As well as businesses and private properties, churches, community centres and schools need to be part of the climate change solution and journey towards a Net Zero world. The UK has 300,000 public buildings that contribute 3% of carbon emissions to the atmosphere, but reducing this can be a challenge because of the way traditional buildings have been designed.
Community spaces include community centres, libraries, parks, community gardens, and more. While there is no need to worry about thermal comfort in a community garden - at least not the kind that requires carbon emissions - it is a concern for indoor community spaces of all kinds.
Public sector bodies as well as businesses need to quickly embrace Net Zero targets since 3% of the UK's carbon emissions come from its 300,000 properties. But balancing thermal comfort with Net Zero can be tricky as old buildings are not energy efficient, nor is their general usage.
Of course, community spaces are crucial to the wellbeing of society, they create a place where local people can connect, communicate, plan, and resource themselves for the present and the future; but often, these spaces have inefficient energy usage for their infrequent gatherings.
It’s important that community members are comfortable during meetings and gatherings so the buildings need to sustain their heat and lights for longer than is strictly necessary; so focusing on decarbonising community spaces is a key feature of Net Zero efforts in the UK and beyond.
Net Zero Efforts
In order to reach Net Zero by 2050, global carbon emissions and greenhouse gases need to be reduced by 45%. If the greenhouse gas emissions can be reduced by 45% in this time frame global temperatures will remain at 1.5℃ above pre-industrial levels societies in the late 1800s.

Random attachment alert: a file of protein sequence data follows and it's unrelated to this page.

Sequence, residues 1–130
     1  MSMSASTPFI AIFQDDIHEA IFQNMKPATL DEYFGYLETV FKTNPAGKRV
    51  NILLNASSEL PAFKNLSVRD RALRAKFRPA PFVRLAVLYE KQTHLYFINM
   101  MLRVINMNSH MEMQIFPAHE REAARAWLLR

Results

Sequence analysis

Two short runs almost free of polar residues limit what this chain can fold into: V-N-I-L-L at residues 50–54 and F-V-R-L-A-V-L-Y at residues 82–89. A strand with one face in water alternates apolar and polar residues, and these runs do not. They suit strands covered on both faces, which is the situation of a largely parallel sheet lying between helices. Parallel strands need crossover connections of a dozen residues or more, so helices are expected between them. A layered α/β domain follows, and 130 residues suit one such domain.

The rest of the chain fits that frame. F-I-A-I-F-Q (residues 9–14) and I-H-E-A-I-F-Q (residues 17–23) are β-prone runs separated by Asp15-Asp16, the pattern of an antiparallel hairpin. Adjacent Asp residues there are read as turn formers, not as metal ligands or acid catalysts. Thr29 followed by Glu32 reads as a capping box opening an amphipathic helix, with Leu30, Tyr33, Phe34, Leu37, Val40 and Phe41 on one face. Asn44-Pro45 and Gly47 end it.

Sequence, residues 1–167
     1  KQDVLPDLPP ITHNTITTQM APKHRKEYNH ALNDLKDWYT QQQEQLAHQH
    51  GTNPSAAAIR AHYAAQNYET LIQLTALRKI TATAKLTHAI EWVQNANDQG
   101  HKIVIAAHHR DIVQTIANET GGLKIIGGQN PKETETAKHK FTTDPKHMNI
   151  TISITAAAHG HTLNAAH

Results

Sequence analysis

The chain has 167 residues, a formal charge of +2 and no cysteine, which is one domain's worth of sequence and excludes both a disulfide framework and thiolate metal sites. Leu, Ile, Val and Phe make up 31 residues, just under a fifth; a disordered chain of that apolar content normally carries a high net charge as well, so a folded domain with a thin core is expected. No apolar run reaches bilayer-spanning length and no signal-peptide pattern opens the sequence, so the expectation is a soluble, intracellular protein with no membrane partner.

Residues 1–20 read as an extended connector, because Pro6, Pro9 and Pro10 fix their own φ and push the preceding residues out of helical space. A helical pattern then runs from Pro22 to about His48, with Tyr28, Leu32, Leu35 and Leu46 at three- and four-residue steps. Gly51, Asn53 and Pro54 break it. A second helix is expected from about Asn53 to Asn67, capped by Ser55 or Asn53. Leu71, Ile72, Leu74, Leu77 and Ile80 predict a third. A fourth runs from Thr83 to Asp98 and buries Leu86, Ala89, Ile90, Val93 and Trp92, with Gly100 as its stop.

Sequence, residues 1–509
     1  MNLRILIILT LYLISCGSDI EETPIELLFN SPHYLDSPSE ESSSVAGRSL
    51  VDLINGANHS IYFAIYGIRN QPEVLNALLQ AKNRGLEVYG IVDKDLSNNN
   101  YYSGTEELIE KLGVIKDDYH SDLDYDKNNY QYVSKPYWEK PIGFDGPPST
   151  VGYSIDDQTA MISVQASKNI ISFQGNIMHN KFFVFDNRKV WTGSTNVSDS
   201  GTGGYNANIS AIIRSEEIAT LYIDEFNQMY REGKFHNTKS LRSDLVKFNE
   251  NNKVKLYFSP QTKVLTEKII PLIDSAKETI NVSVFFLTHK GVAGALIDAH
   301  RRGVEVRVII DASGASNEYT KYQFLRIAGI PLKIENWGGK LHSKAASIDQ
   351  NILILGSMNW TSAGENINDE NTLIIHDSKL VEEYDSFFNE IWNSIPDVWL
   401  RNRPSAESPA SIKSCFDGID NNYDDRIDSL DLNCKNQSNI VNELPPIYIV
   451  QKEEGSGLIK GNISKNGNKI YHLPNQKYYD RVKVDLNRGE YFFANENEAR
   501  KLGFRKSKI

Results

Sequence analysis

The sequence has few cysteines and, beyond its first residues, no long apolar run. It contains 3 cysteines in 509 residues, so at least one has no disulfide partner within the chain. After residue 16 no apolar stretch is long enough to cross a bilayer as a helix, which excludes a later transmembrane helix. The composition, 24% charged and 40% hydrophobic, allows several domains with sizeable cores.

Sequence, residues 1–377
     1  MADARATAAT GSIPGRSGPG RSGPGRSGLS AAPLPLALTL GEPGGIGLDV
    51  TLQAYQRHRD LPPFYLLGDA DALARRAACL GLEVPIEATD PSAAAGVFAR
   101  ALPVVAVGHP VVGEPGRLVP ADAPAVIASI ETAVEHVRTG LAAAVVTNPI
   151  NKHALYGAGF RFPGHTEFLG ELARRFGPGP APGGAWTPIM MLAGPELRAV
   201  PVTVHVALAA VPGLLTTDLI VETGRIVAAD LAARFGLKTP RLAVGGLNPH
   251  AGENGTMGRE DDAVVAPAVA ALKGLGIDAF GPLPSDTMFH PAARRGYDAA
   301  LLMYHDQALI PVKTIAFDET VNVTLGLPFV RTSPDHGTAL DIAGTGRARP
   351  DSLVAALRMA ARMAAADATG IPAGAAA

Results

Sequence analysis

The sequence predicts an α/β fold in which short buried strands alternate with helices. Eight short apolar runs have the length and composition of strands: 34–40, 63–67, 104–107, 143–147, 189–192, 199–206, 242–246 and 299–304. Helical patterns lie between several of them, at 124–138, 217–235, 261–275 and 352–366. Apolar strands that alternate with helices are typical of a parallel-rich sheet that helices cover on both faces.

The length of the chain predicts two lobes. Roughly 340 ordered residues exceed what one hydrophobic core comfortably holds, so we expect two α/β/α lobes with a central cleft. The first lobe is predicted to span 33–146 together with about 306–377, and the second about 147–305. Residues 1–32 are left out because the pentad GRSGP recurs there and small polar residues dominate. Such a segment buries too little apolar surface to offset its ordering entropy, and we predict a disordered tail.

Achieving this goal will help the planet and its citizens to avoid the worst effects of climate change, but it won’t be easy. In order to reduce emissions by this substantial margin, the world of commerce, public bodies, and individual people need to unite and support Net Zero efforts.
One of the fundamentals of Net Zero efforts is energy efficiency. Every time someone switches on the heating in a home, office, or public building they are using energy in the form of heat or electricity that requires carbon to produce. It’s important that we use this energy economically.
Community spaces are an indispensable part of local societies, but they also need to contribute to Net Zero efforts and the drive towards the UN’s 2050 target. The good news is, there are several ways that community spaces can do more to reduce emissions and save on energy.
Traditional buildings like churches, community centres, and schools can be hard to move to Net Zero because of their designs; that said, partnering with The Surefoot Effect and HeatHack is a practical way forward. The Surefoot Effect and HeatHack are offering a program to community operators to help them create energy efficiency practices and thermal comfort in their buildings.
Here’s a collection of some of our articles which have been in our newsletters or published elsewhere.